The word for Washington, and increasingly the rest of the world, to understand is “transactional.” It is a simple way of referring to what Tom Wolfe called the “Favor Bank.” If I do something for you, it is because I expect you to do something for me. The United States is a low-context culture, say sociologists, which means that Americans get straight to the point − there’s no beating around the bush. That’s illustrated very clearly at Christmas time. You receive invitations to company parties, private parties, etc., and all you have to do is show up. Simply arrive, greet people and then you can leave. What you should never do is not show your face.
A 10-minute visit is enough; better still if your visit is followed up with an email in which you thank your host for the invitation. They’ll respond kindly, and you’ll be known after the festivities, because the key lies in achieving something in those 10 minutes. In my case, in the first party of the season on Monday, it was contact with an immigration expert for large technology companies who, logically, is against Donald Trump’s protectionism. Mission accomplished: an article for January.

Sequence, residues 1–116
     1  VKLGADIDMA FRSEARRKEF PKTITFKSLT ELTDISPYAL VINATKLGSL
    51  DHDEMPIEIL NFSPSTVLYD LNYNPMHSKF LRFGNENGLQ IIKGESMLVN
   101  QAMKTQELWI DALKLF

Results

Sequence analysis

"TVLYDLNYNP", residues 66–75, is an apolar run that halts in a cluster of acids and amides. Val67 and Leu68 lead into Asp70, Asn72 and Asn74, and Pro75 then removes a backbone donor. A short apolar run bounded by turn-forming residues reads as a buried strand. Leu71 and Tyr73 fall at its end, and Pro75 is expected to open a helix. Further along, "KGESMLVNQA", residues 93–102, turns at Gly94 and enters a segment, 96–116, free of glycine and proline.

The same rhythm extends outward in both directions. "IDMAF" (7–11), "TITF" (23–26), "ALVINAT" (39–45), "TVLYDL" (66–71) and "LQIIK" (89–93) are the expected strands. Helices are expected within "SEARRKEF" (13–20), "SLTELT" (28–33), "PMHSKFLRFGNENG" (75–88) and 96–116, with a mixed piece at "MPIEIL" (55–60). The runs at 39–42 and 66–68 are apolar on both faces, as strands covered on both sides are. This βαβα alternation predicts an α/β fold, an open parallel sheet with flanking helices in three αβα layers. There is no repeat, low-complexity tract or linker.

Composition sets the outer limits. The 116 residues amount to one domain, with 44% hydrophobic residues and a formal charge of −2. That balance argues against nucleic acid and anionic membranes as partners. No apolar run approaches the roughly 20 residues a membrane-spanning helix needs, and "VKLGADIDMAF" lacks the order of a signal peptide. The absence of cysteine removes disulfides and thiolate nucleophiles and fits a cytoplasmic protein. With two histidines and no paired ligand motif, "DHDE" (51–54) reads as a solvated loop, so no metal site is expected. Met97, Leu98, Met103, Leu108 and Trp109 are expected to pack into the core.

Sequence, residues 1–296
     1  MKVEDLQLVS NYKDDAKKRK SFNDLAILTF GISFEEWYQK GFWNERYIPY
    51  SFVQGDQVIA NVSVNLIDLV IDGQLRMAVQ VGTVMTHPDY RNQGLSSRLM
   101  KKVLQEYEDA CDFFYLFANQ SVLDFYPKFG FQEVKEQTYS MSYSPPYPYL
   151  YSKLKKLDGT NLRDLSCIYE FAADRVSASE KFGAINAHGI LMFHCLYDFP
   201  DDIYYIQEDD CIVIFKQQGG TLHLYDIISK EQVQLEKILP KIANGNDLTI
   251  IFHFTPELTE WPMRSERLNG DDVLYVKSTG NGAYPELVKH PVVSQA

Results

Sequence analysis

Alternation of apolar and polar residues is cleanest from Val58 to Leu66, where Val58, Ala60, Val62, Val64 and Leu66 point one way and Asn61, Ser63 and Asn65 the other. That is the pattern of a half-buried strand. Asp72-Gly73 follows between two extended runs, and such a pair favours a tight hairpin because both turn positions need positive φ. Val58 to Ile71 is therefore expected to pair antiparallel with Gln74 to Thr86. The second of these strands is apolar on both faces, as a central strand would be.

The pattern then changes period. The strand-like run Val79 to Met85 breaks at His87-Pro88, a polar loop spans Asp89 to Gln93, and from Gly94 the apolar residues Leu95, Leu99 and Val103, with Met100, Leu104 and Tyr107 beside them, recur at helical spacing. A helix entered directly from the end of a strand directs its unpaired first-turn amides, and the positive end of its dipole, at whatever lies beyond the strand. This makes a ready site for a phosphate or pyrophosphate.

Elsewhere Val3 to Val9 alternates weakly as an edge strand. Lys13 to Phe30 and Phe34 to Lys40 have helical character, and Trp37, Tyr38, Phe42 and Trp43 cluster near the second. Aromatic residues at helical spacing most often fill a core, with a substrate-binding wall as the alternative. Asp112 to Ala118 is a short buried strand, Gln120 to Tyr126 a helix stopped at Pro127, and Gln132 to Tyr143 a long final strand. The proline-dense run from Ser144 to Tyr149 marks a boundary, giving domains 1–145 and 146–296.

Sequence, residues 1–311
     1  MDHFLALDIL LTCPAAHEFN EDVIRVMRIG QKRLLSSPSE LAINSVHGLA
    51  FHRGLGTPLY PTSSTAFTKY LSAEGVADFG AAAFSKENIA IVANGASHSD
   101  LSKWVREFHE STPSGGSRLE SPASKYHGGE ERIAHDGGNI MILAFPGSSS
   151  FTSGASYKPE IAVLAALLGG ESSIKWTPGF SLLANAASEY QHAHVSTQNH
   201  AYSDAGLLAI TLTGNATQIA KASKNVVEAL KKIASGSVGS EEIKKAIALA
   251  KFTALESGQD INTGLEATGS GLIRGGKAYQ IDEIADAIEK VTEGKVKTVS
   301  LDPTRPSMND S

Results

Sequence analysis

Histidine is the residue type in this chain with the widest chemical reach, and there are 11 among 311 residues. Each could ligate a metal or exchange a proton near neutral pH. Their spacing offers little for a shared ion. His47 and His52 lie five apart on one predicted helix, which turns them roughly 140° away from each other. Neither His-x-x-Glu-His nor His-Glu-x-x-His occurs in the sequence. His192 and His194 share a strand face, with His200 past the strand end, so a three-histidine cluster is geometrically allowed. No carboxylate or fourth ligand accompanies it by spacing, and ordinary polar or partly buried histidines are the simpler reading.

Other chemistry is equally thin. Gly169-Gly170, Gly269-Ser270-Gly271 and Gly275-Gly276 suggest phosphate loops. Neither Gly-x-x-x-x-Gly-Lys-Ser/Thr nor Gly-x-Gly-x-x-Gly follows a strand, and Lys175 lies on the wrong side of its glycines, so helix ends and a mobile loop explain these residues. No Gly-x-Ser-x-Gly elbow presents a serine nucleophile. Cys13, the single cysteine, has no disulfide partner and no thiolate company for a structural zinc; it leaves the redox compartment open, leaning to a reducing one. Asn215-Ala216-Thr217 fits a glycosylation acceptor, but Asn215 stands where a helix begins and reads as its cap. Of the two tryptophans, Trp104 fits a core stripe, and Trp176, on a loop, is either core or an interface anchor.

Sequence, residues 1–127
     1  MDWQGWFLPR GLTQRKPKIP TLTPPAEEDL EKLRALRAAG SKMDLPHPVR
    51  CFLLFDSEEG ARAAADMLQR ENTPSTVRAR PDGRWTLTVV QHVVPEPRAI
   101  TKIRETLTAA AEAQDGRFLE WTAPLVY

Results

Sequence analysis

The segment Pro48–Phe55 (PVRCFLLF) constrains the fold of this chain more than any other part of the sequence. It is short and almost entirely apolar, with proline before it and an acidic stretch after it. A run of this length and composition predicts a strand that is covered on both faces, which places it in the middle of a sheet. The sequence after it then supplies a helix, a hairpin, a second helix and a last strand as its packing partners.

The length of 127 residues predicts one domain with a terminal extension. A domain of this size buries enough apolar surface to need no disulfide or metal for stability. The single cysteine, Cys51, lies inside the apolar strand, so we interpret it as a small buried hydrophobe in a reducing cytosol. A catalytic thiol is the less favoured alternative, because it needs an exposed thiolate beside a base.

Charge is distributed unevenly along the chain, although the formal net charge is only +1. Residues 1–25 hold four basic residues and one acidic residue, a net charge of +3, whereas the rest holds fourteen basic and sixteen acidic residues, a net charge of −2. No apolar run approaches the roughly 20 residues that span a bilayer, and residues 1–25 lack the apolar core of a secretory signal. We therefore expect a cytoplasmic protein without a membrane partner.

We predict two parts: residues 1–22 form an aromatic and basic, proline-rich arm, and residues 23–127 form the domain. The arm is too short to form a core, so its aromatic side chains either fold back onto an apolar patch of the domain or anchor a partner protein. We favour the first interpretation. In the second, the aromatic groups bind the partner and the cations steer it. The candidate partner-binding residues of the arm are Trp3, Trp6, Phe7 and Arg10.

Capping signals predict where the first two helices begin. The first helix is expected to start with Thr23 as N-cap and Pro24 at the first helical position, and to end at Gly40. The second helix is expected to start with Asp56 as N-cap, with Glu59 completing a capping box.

The dynamics of the Christmas festivities in Washington are a reflection of the courteous character of the city, in which the success of events − unlike New York, Los Angeles or the rest of planet Earth − is not measured by how many people attend, but precisely the importance of the few that do. A dinner for 30 people is OK. A dinner for 10 is much better.
Theses are the advantages and disadvantages of a city in which people go to bed at 10 p.m. to be able to get up at 6 a.m. and read news bulletins uploaded to websites such as Axios and Politico at 5 a.m., explaining how the day will pan out. Merry Transactional Christmas to all.